The Daily Herald from Provo, Utah on April 9, 1975 · Page 7
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The Daily Herald from Provo, Utah · Page 7

Provo, Utah
Issue Date:
Wednesday, April 9, 1975
Page 7
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Page 7 article text (OCR)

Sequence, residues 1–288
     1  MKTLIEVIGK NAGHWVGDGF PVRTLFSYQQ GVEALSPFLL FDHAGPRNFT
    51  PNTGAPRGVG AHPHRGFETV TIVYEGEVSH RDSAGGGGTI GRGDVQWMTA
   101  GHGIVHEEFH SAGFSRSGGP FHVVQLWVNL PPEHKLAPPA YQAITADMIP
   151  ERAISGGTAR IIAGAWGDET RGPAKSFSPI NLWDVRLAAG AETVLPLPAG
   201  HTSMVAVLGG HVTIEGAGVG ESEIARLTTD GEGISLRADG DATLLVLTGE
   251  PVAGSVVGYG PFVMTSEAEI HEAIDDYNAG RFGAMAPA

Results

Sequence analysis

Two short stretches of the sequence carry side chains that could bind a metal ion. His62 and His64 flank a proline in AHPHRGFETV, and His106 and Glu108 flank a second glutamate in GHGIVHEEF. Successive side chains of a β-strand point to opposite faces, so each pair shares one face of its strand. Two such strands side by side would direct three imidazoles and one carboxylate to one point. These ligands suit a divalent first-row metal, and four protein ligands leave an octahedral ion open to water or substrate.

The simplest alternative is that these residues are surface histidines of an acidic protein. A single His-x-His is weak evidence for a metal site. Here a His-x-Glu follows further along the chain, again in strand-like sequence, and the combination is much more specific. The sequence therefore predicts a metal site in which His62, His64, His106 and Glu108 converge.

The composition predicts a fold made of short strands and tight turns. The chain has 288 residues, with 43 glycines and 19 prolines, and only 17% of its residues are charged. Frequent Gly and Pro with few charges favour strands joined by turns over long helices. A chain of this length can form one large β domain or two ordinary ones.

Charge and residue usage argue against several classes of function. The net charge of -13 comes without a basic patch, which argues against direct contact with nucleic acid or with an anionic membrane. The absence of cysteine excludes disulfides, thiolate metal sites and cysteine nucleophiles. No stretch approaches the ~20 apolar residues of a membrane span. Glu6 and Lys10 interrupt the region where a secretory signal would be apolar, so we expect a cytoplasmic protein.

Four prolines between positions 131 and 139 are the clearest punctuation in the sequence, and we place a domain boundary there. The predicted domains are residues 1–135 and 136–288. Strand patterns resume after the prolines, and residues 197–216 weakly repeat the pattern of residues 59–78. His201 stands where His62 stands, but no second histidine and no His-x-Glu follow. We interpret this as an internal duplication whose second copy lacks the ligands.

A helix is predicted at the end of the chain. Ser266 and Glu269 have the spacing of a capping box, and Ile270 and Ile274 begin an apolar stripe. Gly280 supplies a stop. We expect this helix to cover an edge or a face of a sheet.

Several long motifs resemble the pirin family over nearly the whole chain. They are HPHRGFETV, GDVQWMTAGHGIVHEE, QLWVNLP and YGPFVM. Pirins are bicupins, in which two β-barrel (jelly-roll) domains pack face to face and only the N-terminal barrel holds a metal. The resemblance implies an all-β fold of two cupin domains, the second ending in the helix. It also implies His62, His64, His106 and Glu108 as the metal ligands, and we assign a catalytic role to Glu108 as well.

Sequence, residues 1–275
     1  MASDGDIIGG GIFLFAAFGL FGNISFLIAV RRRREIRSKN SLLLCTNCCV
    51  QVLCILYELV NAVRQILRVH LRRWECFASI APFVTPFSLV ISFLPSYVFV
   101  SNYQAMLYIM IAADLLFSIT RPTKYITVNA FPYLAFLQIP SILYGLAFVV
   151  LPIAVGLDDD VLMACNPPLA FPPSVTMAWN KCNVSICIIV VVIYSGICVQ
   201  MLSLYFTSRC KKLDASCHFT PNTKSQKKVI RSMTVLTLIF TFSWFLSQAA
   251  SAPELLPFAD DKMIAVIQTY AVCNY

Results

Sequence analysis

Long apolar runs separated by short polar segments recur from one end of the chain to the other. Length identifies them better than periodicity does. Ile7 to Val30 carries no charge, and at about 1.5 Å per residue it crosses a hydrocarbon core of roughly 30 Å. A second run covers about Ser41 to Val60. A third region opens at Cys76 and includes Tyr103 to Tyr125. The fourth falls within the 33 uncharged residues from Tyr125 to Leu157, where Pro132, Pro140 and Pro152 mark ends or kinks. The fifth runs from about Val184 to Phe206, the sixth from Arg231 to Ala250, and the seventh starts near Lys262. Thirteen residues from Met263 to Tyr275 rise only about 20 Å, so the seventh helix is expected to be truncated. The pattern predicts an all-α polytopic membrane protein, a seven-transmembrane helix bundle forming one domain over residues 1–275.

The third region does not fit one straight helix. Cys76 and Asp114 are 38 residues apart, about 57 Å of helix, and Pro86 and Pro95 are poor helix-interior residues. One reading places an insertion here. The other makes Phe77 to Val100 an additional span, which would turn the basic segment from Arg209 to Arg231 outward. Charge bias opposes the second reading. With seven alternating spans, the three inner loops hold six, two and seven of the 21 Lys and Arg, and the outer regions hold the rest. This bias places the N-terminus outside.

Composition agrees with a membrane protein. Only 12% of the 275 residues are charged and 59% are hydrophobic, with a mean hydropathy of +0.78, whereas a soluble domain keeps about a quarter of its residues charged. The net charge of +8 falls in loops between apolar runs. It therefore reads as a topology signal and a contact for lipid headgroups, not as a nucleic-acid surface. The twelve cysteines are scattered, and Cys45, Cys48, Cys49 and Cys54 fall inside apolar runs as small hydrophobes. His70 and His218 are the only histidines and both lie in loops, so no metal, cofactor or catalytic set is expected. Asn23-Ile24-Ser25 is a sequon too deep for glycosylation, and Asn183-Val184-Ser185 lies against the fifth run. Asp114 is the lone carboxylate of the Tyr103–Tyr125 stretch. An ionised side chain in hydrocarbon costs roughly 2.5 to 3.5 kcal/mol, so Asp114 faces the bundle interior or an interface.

Page 8-THE HERALD, Provo. Utah, Wednesday, April 9. 1975 ^ Utah Cities Get Instructions On New Local Option Sales Tax SALT LAKE CITY (UPI) The Utah League of Cities and Towns today is in the final stages of mailing out it recommendations to its 216 members, telling them how to prepare for implementation of the additional quarter per cent, local option sales tax. Bennie Schmiett, executive director of the league, said copies of the proposed ordinance passed by the state legislature plus a cover letter, were being mailed out Tuesday and today. Schmiett said both his league and the Utah Association of Counties are supporting implementation of the quarter per Causeway Declared Tax Waste SALT LAKE CITY (UPI)-A Salt Lake Chamber of Commerce official says the causeway across Great Salt Lake to Antelope Island is "a bottomless pit" for (he taxpayers' money. Del Brewster, chairman of the chamber's Great Salt Lake Committee, said Tuesday that money being wasted on the seven-mile roadway could be better spent improving the recreation facilities on the lake's south shore. "Millions of dollars are being funneled into the bottomless pit of the seven-mile causeway," complained Brewster. He said the state had promised the roadway to Antelope Island would be open on weekends this spring and summer, but the Park and Recreation Department has now pushed that date back to the fall when construction is completed. Brewster said it will be interesting to see how many millions are finally spent "to make some kind of access available to the island for a limited number of users.'' He said the southern shore of the lake is passed daily by thousands of persons. "There is ideal accessibility for the vast majority of Utahns and visitors alike. Many amenities are available for development and enjoyment on the south shore, but are being grossly neglected," Brewster said. Boy Slayer Is Placed In Custody OGDEN (UPI) - A 16-year- old Ogden boy, found guilty in the shooting-death of an Intermountain Indian School student and the wounding of the student's companion, has been placed in the State Industrial School. First District Juvenile Court Judge Charles Bradford said Tuesday both charges against the youth "were proven." Ruben Gonzales was ordered placed in the school here. Bradford said the sentence would be "evaluated" next June. Gonzales was charged as being a juvenile delinquent in the manslaughter death of Willian Warlie, 19, Big Pine, Calif., and the attempted criminal homicide of Lloyd Wyatt, 19, Reno, Nev. Wyatt, 19, Reno, Nev. The defendant had pleaded self defease to both charges. His attorneys said the science would be appealed. The shooting occurred Feb. 22 here. Police said the incident resulted from an argument between the victims, Gonzales and Gonzales' father, Jesse Gonzales. Warlie was dead at the scene. Wyatt was hospitalized for four days with head wounds. cent sales tax increase by the July 1 deadline. But the director said the local governments will have to advertise the proposed increase for at least 20 days, and it will have to be in effect by June 1—30 days before the implementation date—before the State Tax Commission can begin collec- tions. The increase, tacked onto the half per cent option sales tax passed by the legislature in 1959, would bring in an estimated $10.5 million to the states cities and towns. The collections for the first quarter of fiscal year 1976 would be returned to the communities by the State Tax Utah-Based Club Ponders Airlift SALT LAKE CITY (UPI) — A Utah based air travel club says it would like to airlift 100 Vietnamese orphans to Salt Lake City—if it can cut through international red tape. Officials of the Air Caledonia Travel Club said they would like to make a flight to Vietnam April 23rd. Jack Elliott, owner of two DC8 jet airliners used by the club, said the U.S.State Department had given tentative approval to the plan if the club can find an adoption agency that can place the children — and if the South Vietnamese government approves. Elliott said there appeared to be no shortage of familes in Utah willing to adopt children. He said the club had received hundreds of phone calls from interested people along with several contributions to help finance the $150,000 trip. Elliott also said several local nurses and doctors—including Salt Lake City-County Health Director Harry Gibbons—had volunteered to make the flight and take care of the children. "Flying over there and back is the easiest part of the whole bloody thing," said Elliott, a native of Glascow, Scotland. "There is no shortage of homes wanting children," the dub official said. "The problem seems to be getting a release from the Vietnamese government. Right now we are looking for an adoption agency that has 100 kids in Vietnam ready to go." Elliott said the club was negotiating with half a dozen agencies—adding that the most likely prospect was the Holt Adoption Agency in Eugene, Ore., which has been handling placement of many of the orphan immigrants. He said if the Oregon firm was chosen many of the children may not end up in Utah. "But as long as we get them out of Vietnam, what's the difference," Elliott said. Malpractice Insurance Issue Outlined for State SALT LAKE CITY (UPI) The State of Utah may purchase malpractice insurance for its employes—or assume legal responsibiliy for any claims against them, Attorney General Vernon B. Romney said Tuesday. State Health Director Lyman Olsen asked for the legal opinion because some state employes have been concerned about the high price of malpractice insurance — which can cost as much as $8,000 per year for some types of surgeons. "It's an issue we have been trying to have resolved for years," Olsen said. "We wanted to know just how much the state could do." Olsen said some other states had refused to defend doctors in malpractice suits even though they thought they were acting as employes of the state. Romney said a "governmental entity has the authority to purchase liability insurance for the officer or employe.'' "Otherwise, the governmen- tal entity must defend any claim against the officer or employe arising from acts or ommissions committeed during the performance of his duties," Romney's opinion said. But the attorney general said the state is not liable for "gross negligence, fraud, or malice" on the part of its employes. Romney also said a state employe threatened with a law suit must inform the attorney general's office in writing within 10 days if the state is to assume responsibility. State Finance Director Herbert Smart told the board of examiners Tuesday it would be best to let the state handle any claims against its employes because the cost of the malpractice insurance was prohibitive. Olsen said he would discuss the attorney general's opinion with employes of the division. "If they are satisfied, we'll drop the matter," he said. "If not, we will.ask for permission to buy the insurance." Utah Murder Suspects Face Trial in Wyoming ROCK SPRINGS, Wyo. (UPI) — Three Utah suspects in the murder of a Rock Springs iron worker were bound over for trial Tuesday, one on first-degree murder charges and the others as accessories. Debra B. Taylor, 18, of Salt Lake City is charged with first- degree murder. Burl Malone, 34, and Lonnie R. Stewart, 21., both from Ogden, are charged as accessories. The trio was released under previous bail of $5,000 each. They are suspected of murdering Edward J. O'Gara, 35, Jan. 18 in a Rock Springs motel. An anonymous tip led deputies to the body along Interstate 80 near Green River. Authorities believe the body was dragged from the motel, and later dumped along the road. Justice of the Peace Ford Bussart said Sweetwater County Deputy Prosecutor Robert Pickett dropped accessory charges against a 17-year-old Ogden girl. Rock Springs Police had said the girl had phoned in the tip leading them to O'Gara's body. He had been shot four times. In IDS Church Probe Commission about Oct. 1. Schmiett said the league, the counties association and the tax commission met Monday with the Utah Attorney General to determine if local governments had the option of collecting only the half per cent sales tax and not the full three quarters per cent tax. Both the commission and the attorney general ruled they would have to collect the full three quarters per cent or nothing. Schmiett said his league is advising its members to adopt collection of the full amount, and if they do not need the additional revenues, to reduce other local taxation levies. Five Years To Life Is Sentence CASTLE DALE, Utah (UPI) A 21-year-old Wisconsin man was sentenced to five years to life in prison Tuesday for robbing a Utah Highway Patrolman of his pistol, holster, belt and badge. Seventh District Judge Edward Sheya pronounced sentence on Barry Anderson of Baldwin, Wis., one of two men arrested on aggravated robbery charges after a patrolman was overpowered and handcuffed to a fence alongside Interstate 70 last fall. Anderson was found guilty last month by an eight-member jury which deliberated only 45 minutes. John Buhl, 18, Capistrano Beach, Calif., the other defendant, pleaded guilty and began serving an indeterminate sentence in the State Industrial School this month. Trooper James Sauls pulled over a car containing two men last Sept. 29 west of Green River, Utah, to issue a speeding citation. He was overpowered and his gun taken. Sauls was then handcuffed to a fence and his gun, holster, belt and badge, along with other items, were stolen. Anderson and Buhl were arrested later that night after checking into a motel in Price, Utah, about 60 miles northwest of where the trooper was jumped. Feedback Sought On Zoning SALT LAKE CITY (UPI) Salt Lake County commissioners want to hear from residents about proposals to zone adult bookstores and theaters out of residential neighborhoods and away from schools and churches. The commission listened Tuesday to two zoning plans which would restrict adult stores from operating within three blocks of a church or school or within 300 feet of any area zoned residential or agricultural. One plan would allow the stores in any area that met those criteria, while the other would limit them to areas zoned C- 3, a commercial zone. Assistant Planning Director Ken Jones said the C-3 rule might eliminate such stores from the county since he would think of no area in C-3 which is not within three blocks of a church or school or 300 feet from a residential area. Jones warned the commission the ordinance has to be carefully written, since if it is totally restrictive, it will be invalidated by the courts. He noted that any ordinance adopted by the commission, which said it wanted feedback from the community before taking action, would be effective only in unincorporated areas of the county. FBI Says No Evidence of Illegal Wiretaps SALT LAKE CITY (UPI)-A Federal Bureau of Investigation inquiry has turned up no evidence that the Mormon Church used illegal wiretaps in excommunication proceedings against an advocate of polygamy. Charles R. McKinnon, special agent in charge of the FBI's Utah office, announced the results Tuesday of the second part of an investigation into the allegation made to the Justice Department "by a third party." The person claimed "telephones were monitored illegally and subsequently the recordings used by LDS Church officials," the FBI official said. "A full investigation by the FBI has been completed," McKinnon said. "That investigation has not revealed validity to the allegation." He said the federal agency plans no further action in the case. The alleged wiretapping took place three years ago in connection with an ecclesiastical court which excommunicated a Dugway, Utah, man for advocating polygamy — which the church has not condoned since the late 19th century. The subject of the alleged activity agreed with the FBI's report, also saying there was no evidence of wiretapping by the faith. "This whole thing i« founded on gossip and hearsay," he said. "I never made any formal charge against the church. I'm not fighting the church. There is no evidence of wiretapping, and as far as I'm concerned, it was a dead issue three years ago." "If anyone has infringed on my rights, it has been the news media, especially the Associated Press," the former Mormon said. "I don't know why they keep after it. There's just no evidence against the church of any wiretapping." Last summer, the Justice Department routinely warned the church against using illegal bugging or wiretapping in its excommunication proceedings. 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After receiving the warning, church headquarters issued a directive to local leaders telling them not to use any recordings in ecclesiastical courts without the written permission of the subject. But a church spokesman flatly denied it has ever illegally wiretapped or bugged anyone. SHAVE CREASf *fa ' PROFESSIONAL BARBER SHAVE CREAM 20 01.1.50 Value BEXELVHP (VERYH1GH VITAMINS & MINERALS Recommended lor active adults and senior citizens 180 Capsules... 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